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Invest Radiol. 1995 Aug;30(8):484-95.

Detectability of early brain meningitis with magnetic resonance imaging.

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  • 1Magnetic Resonance Imaging and Spectroscopy Center, University of Kentucky, Lexington 40536-0098, USA.



The ability of high-field (1.5 T) magnetic resonance imaging (MRI) to detect early brain meningitis was evaluated in a canine model. Contrast dose, timing postinjection, and imaging technique (specifically the use of magnetization transfer) were assessed.


Imaging of five canines was performed at 1.5 T 24 hours after injection of Cowans staphylococcus into the cisterna magna. Two control animals also were imaged using the same protocol, with one animal receiving a cisternal injection of nutrient broth only and the other no injection. Contrast doses of 0.1, 0.3, and 0.8 mmol/kg gadoteridol (Gd HP-DO3A or Pro-Hance) were compared. Scans were performed at 2, 12, and 22 minutes after an initial injection of 0.1 mmol/kg. At each time point, paired T1-weighted scans with and without magnetization transfer (MT) were acquired. Thirty minutes after the initial injection of contrast, a supplemental dose of 0.2 mmol/kg was given (for a cumulative dose of 0.3 mmol/kg). Scans were then repeated at 2, 12, and 22 minutes after this dose was administered. A second supplemental contrast injection of 0.5 mmol/kg (for a cumulative dose of 0.8 mmol/kg) was given at 70 minutes, and immediate postinjection scans with and without MT were acquired.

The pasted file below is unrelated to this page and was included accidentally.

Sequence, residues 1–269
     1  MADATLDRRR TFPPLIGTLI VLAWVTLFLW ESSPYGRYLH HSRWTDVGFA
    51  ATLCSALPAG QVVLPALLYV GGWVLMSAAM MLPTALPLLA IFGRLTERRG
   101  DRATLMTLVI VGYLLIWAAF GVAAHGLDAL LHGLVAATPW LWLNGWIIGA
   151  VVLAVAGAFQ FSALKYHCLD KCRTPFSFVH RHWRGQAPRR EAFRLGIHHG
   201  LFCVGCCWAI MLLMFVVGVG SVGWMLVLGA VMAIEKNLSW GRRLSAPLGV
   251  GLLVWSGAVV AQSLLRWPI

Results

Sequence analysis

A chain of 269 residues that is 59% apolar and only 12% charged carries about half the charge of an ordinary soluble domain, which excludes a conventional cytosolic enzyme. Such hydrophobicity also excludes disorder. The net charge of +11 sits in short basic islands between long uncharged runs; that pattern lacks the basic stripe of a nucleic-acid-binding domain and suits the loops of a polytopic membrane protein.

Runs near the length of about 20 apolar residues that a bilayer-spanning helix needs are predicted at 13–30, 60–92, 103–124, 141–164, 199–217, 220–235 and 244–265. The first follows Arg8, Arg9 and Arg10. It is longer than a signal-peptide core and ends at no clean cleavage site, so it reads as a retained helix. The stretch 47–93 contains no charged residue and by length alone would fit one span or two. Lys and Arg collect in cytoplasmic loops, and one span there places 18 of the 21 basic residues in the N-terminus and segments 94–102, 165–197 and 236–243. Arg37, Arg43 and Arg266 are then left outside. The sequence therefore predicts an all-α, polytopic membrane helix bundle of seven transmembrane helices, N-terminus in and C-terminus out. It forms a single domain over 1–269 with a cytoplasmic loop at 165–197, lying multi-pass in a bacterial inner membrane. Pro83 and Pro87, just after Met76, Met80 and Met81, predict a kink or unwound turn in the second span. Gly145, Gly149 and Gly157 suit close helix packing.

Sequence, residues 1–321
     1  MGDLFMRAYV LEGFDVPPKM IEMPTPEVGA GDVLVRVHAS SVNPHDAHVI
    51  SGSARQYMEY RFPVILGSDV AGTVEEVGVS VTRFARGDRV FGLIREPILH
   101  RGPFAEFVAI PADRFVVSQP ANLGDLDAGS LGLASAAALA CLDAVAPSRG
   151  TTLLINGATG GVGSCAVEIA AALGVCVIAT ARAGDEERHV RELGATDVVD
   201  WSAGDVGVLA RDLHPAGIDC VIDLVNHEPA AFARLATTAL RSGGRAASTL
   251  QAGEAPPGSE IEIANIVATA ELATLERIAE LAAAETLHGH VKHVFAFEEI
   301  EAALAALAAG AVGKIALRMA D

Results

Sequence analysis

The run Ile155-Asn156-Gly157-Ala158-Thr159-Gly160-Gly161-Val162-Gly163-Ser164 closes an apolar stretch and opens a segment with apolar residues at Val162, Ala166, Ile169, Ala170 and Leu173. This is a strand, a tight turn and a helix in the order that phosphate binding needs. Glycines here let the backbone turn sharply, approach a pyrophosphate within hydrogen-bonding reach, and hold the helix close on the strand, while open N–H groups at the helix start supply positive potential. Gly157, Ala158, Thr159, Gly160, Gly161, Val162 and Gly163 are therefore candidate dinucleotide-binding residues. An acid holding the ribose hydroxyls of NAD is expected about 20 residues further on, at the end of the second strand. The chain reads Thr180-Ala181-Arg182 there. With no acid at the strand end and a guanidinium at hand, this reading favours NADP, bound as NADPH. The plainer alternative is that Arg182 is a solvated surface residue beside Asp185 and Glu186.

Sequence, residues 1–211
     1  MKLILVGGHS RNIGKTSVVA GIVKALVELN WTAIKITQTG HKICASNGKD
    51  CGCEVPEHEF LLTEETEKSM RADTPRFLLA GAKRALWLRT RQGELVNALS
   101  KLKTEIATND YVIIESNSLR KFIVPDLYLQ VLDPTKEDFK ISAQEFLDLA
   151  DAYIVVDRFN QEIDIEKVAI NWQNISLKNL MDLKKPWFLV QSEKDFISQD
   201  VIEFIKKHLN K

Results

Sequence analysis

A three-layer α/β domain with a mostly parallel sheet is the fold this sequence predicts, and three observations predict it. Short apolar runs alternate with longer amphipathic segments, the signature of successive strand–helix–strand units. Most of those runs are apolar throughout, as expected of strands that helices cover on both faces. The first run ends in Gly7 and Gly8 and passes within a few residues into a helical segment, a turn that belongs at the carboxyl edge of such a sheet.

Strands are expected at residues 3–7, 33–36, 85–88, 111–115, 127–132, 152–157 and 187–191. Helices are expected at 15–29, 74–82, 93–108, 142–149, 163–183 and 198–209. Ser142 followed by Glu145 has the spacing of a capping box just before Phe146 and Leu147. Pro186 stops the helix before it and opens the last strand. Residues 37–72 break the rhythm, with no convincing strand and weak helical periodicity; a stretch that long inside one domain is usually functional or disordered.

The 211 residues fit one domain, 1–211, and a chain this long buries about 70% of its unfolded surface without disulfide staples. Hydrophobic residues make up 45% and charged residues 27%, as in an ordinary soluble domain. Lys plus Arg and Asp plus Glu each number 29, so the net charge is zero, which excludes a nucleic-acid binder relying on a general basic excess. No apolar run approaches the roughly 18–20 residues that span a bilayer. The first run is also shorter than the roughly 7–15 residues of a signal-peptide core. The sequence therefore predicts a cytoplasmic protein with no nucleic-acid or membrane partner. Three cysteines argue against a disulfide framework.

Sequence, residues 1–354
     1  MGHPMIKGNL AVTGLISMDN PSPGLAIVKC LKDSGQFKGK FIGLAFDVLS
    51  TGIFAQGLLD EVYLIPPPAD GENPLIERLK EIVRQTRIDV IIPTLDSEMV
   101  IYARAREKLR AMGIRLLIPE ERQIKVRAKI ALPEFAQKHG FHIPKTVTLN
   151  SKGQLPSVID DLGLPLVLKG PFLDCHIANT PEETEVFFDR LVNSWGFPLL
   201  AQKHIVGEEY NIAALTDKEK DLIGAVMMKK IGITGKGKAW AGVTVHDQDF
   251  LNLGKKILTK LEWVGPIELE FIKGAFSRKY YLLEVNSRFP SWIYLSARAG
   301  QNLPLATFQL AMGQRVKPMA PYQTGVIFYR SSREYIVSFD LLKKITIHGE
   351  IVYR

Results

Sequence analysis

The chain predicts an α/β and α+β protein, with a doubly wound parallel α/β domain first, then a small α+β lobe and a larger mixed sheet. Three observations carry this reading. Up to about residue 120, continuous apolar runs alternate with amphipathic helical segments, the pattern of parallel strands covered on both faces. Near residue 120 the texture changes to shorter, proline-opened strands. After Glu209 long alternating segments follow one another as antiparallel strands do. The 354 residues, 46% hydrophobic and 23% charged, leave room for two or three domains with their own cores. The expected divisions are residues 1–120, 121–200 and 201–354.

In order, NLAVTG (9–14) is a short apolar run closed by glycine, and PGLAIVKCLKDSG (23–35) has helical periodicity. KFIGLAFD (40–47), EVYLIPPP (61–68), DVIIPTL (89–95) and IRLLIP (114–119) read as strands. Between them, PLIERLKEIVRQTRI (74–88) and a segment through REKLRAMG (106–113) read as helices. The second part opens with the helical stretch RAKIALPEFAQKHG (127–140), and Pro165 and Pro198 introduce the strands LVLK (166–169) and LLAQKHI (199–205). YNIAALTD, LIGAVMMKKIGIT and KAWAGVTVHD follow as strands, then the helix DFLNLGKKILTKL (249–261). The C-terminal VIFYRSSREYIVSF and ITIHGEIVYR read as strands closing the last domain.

In the animals receiving a cisternal injection of bacteria, the degree of meningeal enhancement was greatest at 0.8 mmol/kg, intermediate at 0.3 mmol/kg, and least at 0.1 mmol/kg. These conclusions were constant whether imaging was performed with or without MT. Scans in control studies did not demonstrate abnormal meningeal enhancement. High-contrast dose, MT, and acquisition of immediate postcontrast scans all resulted in statistically significant improvement. On masked film review, abnormal meningeal enhancement was noted in only 2 of 5 experimental dogs at a dose of 0.1 mmol/kg (regardless of the use of MT) compared with all animals at a dose of 0.3 mmol/kg. In 18 of 37 dogs (paired scans with and without MT), when abnormal enhancement was noted, the use of MT improved the visualization of abnormal meningeal enhancement.


In early brain meningitis, high-contrast dose (0.3 mmol/kg), MT, and scanning immediately after injection improve detection of abnormal meningeal enhancement, thus facilitating the diagnosis of meningitis. Of these factors, contrast dose is the most important.

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